Clinical Notes : Cardiovascular Disease

111. Hyperkalemia

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  • Hyperkalaemia is defined as a potassium level > 5,0 - 5.5 mEq/L in adults

    • the range in infants and children is age-dependent

  • Levels higher than 7 mEq/L can lead to significant hemodynamic and neurologic consequences

  • Levels exceeding 8.5 mEq/L can cause respiratory paralysis or cardiac arrest and can quickly be fatal


  • Excess intake

    • does not include eating too many bananas

  • Decreased excretion

    • Chronic kidney disease alone generally will not cause hyperkalemia until the eGFR is less than 20-25 mL/min.

  • Increased released from cells

Most common : 

  • Acute kidney failure

  • Chronic kidney disease

other :

  • Addison's disease (adrenal insufficiency)

  • Angiotensin II receptor blockers (ARBs)

  • Angiotensin-converting enzyme (ACE) inhibitors

  • Beta blockers

  • NSAIDs (in patients with pre-existing renal insufficiency or cardiovascular disease)

  • Dehydration

  • Destruction of red blood cells due to severe injury or burns

  • Excessive use of potassium supplements

  • Type 1 diabetes


  • Many individuals with hyperkalemia are asymptomatic

  • When present, symptoms are nonspecific and predominantly related to muscular or cardiac function.

    • Weakness and fatigue are the most common complaints.

  • Occasionally, patients may report the following:

    • Frank muscle paralysis

    • Dyspnea

    • Palpitations

    • Chest pain

    • Nausea or vomiting

    • Paresthesias


Physical examination

  • In general, the results of the physical examination alone do not alert the physician to the diagnosis of hyperkalemia, except when severe bradycardia is present or muscle tenderness accompanies muscle weakness, suggesting rhabdomyolysis.

  • Examination findings in patients with hyperkalemia include the following:

    • Vital signs usually normal, except occasionally in bradycardia due to heart block or tachypnea due to respiratory muscle weakness

    • Muscle weakness and flaccid paralysis

    • Depressed or absent deep tendon reflexes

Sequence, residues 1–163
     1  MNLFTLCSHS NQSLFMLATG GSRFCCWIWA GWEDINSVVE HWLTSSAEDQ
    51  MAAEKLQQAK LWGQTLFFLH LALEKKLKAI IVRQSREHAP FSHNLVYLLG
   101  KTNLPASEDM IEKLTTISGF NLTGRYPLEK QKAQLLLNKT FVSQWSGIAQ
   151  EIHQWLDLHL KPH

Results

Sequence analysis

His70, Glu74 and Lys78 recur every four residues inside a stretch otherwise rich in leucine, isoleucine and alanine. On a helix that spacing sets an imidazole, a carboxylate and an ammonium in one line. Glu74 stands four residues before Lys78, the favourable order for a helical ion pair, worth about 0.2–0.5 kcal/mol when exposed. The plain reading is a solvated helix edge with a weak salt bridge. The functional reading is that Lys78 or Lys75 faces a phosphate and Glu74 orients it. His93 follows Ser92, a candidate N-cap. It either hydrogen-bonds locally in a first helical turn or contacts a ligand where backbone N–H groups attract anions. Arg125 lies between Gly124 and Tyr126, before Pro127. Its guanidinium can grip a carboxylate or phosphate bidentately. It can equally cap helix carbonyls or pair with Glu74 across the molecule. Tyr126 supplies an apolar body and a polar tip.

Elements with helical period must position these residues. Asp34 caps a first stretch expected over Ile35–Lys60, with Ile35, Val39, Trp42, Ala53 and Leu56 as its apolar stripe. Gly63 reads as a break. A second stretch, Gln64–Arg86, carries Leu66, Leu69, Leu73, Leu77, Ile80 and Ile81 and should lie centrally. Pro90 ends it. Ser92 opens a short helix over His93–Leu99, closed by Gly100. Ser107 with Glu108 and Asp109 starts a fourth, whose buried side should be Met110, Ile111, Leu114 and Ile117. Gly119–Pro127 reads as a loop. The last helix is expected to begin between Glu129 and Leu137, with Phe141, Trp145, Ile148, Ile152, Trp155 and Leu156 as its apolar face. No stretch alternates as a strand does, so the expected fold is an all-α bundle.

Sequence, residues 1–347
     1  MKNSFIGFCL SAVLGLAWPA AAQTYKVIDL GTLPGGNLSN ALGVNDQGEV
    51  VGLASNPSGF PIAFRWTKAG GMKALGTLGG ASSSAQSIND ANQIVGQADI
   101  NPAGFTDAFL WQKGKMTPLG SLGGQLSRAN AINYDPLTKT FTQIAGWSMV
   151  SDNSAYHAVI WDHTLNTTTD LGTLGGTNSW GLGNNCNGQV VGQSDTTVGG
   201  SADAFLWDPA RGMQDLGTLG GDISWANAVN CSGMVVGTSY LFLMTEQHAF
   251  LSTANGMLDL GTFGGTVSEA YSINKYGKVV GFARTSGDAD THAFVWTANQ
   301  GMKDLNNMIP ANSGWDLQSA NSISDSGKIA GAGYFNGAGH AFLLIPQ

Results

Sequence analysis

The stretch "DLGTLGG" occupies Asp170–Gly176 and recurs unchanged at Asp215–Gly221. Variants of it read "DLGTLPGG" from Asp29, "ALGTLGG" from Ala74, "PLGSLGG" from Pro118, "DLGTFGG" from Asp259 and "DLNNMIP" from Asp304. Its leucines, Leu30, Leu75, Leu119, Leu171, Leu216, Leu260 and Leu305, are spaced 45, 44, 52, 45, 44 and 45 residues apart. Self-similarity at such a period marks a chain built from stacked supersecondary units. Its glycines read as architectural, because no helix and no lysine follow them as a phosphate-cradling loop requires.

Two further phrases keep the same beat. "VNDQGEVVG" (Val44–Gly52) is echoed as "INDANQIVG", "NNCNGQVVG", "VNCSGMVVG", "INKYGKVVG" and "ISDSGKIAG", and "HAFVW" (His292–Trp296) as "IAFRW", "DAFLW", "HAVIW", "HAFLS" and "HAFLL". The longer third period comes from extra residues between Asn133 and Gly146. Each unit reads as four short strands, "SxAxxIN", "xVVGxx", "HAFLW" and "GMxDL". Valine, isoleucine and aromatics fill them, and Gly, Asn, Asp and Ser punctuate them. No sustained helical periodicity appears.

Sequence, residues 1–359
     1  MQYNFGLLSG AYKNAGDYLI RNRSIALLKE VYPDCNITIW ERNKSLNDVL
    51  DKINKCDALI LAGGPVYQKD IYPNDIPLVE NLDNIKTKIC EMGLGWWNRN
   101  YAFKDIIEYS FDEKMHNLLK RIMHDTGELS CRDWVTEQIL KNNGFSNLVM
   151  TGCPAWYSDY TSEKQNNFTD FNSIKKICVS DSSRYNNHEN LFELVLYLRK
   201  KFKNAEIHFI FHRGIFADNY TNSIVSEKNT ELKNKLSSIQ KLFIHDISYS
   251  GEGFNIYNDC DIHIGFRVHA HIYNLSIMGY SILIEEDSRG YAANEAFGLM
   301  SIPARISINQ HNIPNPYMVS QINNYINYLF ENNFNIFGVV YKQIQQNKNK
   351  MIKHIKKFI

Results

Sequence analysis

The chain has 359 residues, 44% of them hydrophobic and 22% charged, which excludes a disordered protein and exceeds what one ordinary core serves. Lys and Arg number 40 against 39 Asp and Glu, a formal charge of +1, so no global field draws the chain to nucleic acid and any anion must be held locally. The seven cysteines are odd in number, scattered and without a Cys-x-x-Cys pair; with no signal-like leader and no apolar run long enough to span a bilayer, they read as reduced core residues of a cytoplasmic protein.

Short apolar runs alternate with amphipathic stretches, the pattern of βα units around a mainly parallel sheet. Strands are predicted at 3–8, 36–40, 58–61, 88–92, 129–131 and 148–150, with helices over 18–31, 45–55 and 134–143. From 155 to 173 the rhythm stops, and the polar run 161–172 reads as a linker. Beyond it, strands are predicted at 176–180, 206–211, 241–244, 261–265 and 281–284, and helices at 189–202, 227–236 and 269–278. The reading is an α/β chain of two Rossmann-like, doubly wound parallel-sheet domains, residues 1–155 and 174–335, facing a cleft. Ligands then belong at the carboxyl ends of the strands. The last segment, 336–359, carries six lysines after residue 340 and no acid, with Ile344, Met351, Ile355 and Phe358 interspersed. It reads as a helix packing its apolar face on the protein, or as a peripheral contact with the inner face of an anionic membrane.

Investigations :

In the OOH setting,

  • Urinalysis - If signs of renal insufficiency without an already known cause are present (to look for evidence of glomerulonephritis)

  • Glucose level - In patients with known or suspected diabetes mellitus

  • ECG for signs of hyperkalemia when it is suspected


Refer to A+E for

  • Digoxin level

    • If the patient is on a digitalis medication

  • Arterial or venous blood gas

    • If acidosis is suspected

  • Serum cortisol and aldosterone levels

    • To check for mineralocorticoid deficiency when other causes are eliminated

  • Serum uric acid and phosphorus tests

    • For tumor lysis syndrome

  • Serum creatinine phosphokinase (CPK) and calcium measurements

    • For rhabdomyolysis

  • Urine myoglobin test

    • For crush injury or rhabdomyolysis; suspect if urinalysis reveals blood in the urine but no red blood cells are seen on urine microscopy

Management :

Refer to A+E

If the patient has only a moderate elevation in potassium level and no ECG abnormalities, treatment is as follows:

  • Increase potassium excretion using a cation exchange resin or diuretics

  • Correct the source of excess potassium (eg, increased intake or inhibited excretion)


In patients with severe hyperkalemia, treatment is as follows:

  • IV calcium to ameliorate cardiac toxicity, if present

  • Identify and remove sources of potassium intake

  • IV glucose and insulin infusion to enhance potassium uptake by cells

  • Correct severe metabolic acidosis with sodium bicarbonate

  • Consider beta-adrenergic agonist therapy (eg, nebulized albuterol, 10 mg, administered by a respiratory therapist); preferred over alkali therapy in patients with renal failure

  • Increase potassium excretion by administering diuretics or gastrointestinal cation-exchange medications

  • Emergency dialysis for patients with potentially lethal hyperkalemia that is unresponsive to more conservative measures or with complete renal failure


Medications for increasing potassium excretion include the following:

  • IV saline and a loop diuretic (eg, furosemide), in patients with normal renal function

  • An aldosterone analogue, such as 9-alpha fluorohydrocortisone acetate (Florinef), in patients with hyporeninemia or hypoaldosteronism or solid organ transplant patients with chronic hyperkalemia from calcineurin inhibitor use

  • Cation exchange resin such as sodium polystyrene sulfonate (SPS; Kayexalate) or patiromer; retention enema for hyperkalemic emergencies, oral for patients with advanced renal failure who are not yet on dialysis or transplant candidates

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Alfonzo A, Soar J, MacTier R, et al.

Treatment of Acute Hyperkalaemia in Adults.

Guideline - UK Renal Association, 2014



Gumz ML, Rabinowitz L, Wingo CS.

An Integrated View of Potassium Homeostasis.

N Engl J Med. 2015 Jul 2. 373 (1):60-72 


Khanna A, White WB.

The management of hyperkalemia in patients with cardiovascular disease.

Am J Med. 2009 Mar. 122(3):215-21.


Reardon LC, Macpherson DS.

Hyperkalemia in outpatients using angiotensin-converting enzyme inhibitors. How much should we worry?.

Arch Intern Med. 1998 Jan 12. 158(1):26-32.


Hughes-Austin JM, Rifkin DE, Beben T, Katz R, Sarnak MJ, Deo R, et al.

The Relation of Serum Potassium Concentration with Cardiovascular Events and Mortality in Community-Living Individuals.

Clin J Am Soc Nephrol. 2017 Feb 7. 12 (2):245-252


Fordjour KN, Walton T, Doran JJ.

Management of Hyperkalemia in Hospitalized Patients.

Am J Med Sci. 2012 Dec 18.


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